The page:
Dinner at Raoul’s. Photo by OK McCausland for Resy

GuidesNew York

The Resy Guide for When You’re Craving French Food in New York


This week on Resy we’re exploring the many facets of French restaurants in New York. We unpack why New York has always been obsessed with them. We ruminate on the timeless joy they bring. We help you get a table at Frenchette. We tell you where you should go to drink French wine. We’ve got a soft spot for a classic Midtown bistro. And we’ve got a list of French restaurants for every occasion.


Long gone are the days where French restaurants in the city equated to jacketed waiters and white tablecloths — although New York will never disavow haute cuisine, no matter how many pundits have declared fine dining is dead. Today, we’re seeing a proper rebirth of what French restaurants can be, from the quintessential brasserie to the exciting neobistro. So, if you’re saving French restaurants solely for the purpose of fancy, splurge-worthy occasions, we must inform you: You are missing out on some of the city’s most exciting dining experiences.

There is the perfect French restaurant for date night, for kids, for when you’re hungover, and everything in between, and we have them all listed here for you. This is by no means an exhaustive list of all the excellent French restaurants here — we admit there will be many we’ll have missed — so, take this as a trusted resource of sorts, a list of places the Resy Editorial team has come to love and patronize over the years. As they say, bon appétit.

For when you want to people-watch …

Make a Resy at Raoul’s. The Soho institution dreamt up by two Alsatian brothers in the 70’s still draws a sceney crowd, but it also has the knack to make anyone who walks in feel like a million bucks. Order one of the best burgers in the city — only available at the bar on weeknights or during brunch — or the steak au poivre, the de facto signature. Pro tip: For the burger, it helps to show up early.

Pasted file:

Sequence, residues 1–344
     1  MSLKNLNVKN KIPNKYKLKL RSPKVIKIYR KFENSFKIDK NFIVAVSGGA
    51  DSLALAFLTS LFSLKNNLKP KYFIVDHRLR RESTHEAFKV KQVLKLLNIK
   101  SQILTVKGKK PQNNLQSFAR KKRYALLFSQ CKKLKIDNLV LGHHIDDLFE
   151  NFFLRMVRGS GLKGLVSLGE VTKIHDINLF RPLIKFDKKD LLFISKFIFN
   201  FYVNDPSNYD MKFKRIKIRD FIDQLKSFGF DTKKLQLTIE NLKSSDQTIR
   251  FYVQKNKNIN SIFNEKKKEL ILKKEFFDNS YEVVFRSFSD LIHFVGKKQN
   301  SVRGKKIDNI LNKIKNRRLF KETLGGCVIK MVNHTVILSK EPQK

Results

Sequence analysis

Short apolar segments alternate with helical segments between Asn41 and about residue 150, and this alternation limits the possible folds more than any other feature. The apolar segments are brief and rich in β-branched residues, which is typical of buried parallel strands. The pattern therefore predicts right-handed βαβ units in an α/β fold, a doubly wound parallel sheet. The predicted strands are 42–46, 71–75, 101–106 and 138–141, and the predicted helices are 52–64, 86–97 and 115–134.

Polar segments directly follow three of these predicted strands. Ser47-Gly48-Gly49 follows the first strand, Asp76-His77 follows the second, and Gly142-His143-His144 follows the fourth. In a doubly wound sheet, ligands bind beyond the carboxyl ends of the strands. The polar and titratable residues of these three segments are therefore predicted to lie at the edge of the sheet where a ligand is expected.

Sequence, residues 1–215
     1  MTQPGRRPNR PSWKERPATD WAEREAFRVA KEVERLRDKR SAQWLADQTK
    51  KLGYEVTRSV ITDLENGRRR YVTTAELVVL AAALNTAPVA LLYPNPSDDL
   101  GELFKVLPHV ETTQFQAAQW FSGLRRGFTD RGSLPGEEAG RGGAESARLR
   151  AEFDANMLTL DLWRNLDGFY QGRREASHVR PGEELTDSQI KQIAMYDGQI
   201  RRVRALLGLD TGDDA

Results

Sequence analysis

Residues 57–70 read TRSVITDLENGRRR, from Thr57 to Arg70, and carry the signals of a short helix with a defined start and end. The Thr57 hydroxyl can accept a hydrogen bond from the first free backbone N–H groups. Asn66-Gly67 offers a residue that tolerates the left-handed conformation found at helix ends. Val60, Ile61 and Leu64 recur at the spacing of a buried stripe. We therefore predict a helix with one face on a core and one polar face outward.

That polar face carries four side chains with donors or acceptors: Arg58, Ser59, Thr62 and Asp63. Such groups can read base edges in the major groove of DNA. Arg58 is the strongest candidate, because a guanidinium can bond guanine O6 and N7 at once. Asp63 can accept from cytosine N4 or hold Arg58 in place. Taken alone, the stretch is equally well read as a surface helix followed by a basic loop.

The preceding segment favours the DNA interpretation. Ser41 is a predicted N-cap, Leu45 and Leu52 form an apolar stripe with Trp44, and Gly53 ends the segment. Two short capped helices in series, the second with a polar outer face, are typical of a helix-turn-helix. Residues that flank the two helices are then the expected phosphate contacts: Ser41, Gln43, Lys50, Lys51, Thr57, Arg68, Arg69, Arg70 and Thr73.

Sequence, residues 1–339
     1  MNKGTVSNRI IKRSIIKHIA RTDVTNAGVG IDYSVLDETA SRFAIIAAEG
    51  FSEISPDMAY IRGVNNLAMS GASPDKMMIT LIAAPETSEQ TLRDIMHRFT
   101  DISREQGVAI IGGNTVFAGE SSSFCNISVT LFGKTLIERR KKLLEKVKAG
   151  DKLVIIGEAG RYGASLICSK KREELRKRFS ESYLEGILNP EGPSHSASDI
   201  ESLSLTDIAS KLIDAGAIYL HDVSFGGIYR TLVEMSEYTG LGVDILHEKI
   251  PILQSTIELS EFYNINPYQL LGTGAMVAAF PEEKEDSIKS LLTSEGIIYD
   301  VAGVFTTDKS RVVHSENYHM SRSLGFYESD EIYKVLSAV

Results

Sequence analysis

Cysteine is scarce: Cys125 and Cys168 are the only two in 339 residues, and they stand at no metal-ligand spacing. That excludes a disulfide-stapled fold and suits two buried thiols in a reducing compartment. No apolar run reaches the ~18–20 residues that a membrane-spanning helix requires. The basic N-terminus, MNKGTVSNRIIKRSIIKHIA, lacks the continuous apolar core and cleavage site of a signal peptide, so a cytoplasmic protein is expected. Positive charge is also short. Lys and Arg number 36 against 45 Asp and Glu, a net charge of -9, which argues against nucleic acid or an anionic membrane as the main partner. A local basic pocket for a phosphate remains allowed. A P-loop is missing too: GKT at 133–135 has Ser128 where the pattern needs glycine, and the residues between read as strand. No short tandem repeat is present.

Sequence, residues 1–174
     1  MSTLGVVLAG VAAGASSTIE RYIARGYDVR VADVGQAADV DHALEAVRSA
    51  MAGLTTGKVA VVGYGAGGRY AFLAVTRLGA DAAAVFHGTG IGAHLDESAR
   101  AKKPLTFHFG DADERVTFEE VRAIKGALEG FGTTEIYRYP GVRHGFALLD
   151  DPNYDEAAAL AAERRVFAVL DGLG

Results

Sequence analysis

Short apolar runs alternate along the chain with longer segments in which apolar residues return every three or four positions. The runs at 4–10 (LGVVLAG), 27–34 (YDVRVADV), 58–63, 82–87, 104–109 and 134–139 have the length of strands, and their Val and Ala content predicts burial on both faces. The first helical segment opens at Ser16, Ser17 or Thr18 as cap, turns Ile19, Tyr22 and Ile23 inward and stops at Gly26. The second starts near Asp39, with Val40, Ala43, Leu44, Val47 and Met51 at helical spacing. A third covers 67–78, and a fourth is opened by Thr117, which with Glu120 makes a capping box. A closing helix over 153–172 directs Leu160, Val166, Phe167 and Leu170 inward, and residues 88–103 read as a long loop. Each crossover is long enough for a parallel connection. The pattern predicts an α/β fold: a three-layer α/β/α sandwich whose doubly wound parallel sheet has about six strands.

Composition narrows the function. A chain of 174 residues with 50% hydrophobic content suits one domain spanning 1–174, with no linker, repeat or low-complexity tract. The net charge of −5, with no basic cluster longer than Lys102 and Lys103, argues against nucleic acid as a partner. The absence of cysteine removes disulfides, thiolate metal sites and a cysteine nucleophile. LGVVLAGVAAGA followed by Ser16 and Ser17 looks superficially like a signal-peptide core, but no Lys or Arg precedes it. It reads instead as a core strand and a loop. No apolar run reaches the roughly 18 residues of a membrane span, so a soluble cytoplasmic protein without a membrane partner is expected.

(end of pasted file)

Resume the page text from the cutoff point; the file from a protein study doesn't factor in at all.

See also: Le Dive, or what may be the sceniest of scenes on the outskirts of Chinatown, a cool-kid hangout that manages to perfectly recreate the look of France’s bars-tabacs.


For when it’s so cold out, you’d almost rather stay in …

Brave it all for M. Wells. Trust us, this French Canadian steakhouse — a lofty, cozy hideaway in Long Island City — is the perfect cure to wind tunnels and gloomy days, with a stacked roster of decadent and reimagined bistro fare that changes with the seasons. It also has one of the best French onion soups in town; a non-negotiable if it’s on the menu.

See also: The proper Greenpoint gem that is Le Fond, which requires a 24-hour advanced notice if you want their impeccable $30 cheese fondue (you do). Otherwise, the $58 four-course prix fixe ($48 for vegetarians) is something to behold.


Photo courtesy of L’Express
Photo courtesy of L’Express

For when you’re hungry after a late night out …

Ditch the dollar slice and get yourself to L’Express. The vaunted Gramercy bistro closes at an unheard of (these days) 4 a.m. every Friday and Saturday night, offering the full scale of French classics to late-night revelers. Sure, it’s not a kebab stuffed with fries in Paris, but the possibility of eating escargots and frog legs in persillade at 3:30 a.m. is anything if not thrilling.